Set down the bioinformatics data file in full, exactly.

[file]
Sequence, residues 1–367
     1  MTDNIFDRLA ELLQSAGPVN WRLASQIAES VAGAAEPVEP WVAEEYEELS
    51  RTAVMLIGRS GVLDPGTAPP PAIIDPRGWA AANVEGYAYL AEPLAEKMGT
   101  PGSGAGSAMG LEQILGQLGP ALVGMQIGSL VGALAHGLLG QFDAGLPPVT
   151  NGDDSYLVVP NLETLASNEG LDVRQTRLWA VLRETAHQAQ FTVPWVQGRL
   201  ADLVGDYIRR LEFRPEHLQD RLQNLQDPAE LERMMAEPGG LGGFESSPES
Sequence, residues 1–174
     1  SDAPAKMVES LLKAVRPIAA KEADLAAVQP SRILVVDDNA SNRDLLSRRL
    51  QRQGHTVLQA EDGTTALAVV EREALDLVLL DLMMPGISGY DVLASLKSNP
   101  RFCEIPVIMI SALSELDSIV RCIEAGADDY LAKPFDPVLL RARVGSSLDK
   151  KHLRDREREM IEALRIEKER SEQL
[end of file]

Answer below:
Sequence, residues 1–367
     1  MTDNIFDRLA ELLQSAGPVN WRLASQIAES VAGAAEPVEP WVAEEYEELS
    51  RTAVMLIGRS GVLDPGTAPP PAIIDPRGWA AANVEGYAYL AEPLAEKMGT
   101  PGSGAGSAMG LEQILGQLGP ALVGMQIGSL VGALAHGLLG QFDAGLPPVT
   151  NGDDSYLVVP NLETLASNEG LDVRQTRLWA VLRETAHQAQ FTVPWVQGRL
   201  ADLVGDYIRR LEFRPEHLQD RLQNLQDPAE LERMMAEPGG LGGFESSPES
Sequence, residues 1–174
     1  SDAPAKMVES LLKAVRPIAA KEADLAAVQP SRILVVDDNA SNRDLLSRRL
    51  QRQGHTVLQA EDGTTALAVV EREALDLVLL DLMMPGISGY DVLASLKSNP
   101  RFCEIPVIMI SALSELDSIV RCIEAGADDY LAKPFDPVLL RARVGSSLDK
   151  KHLRDREREM IEALRIEKER SEQL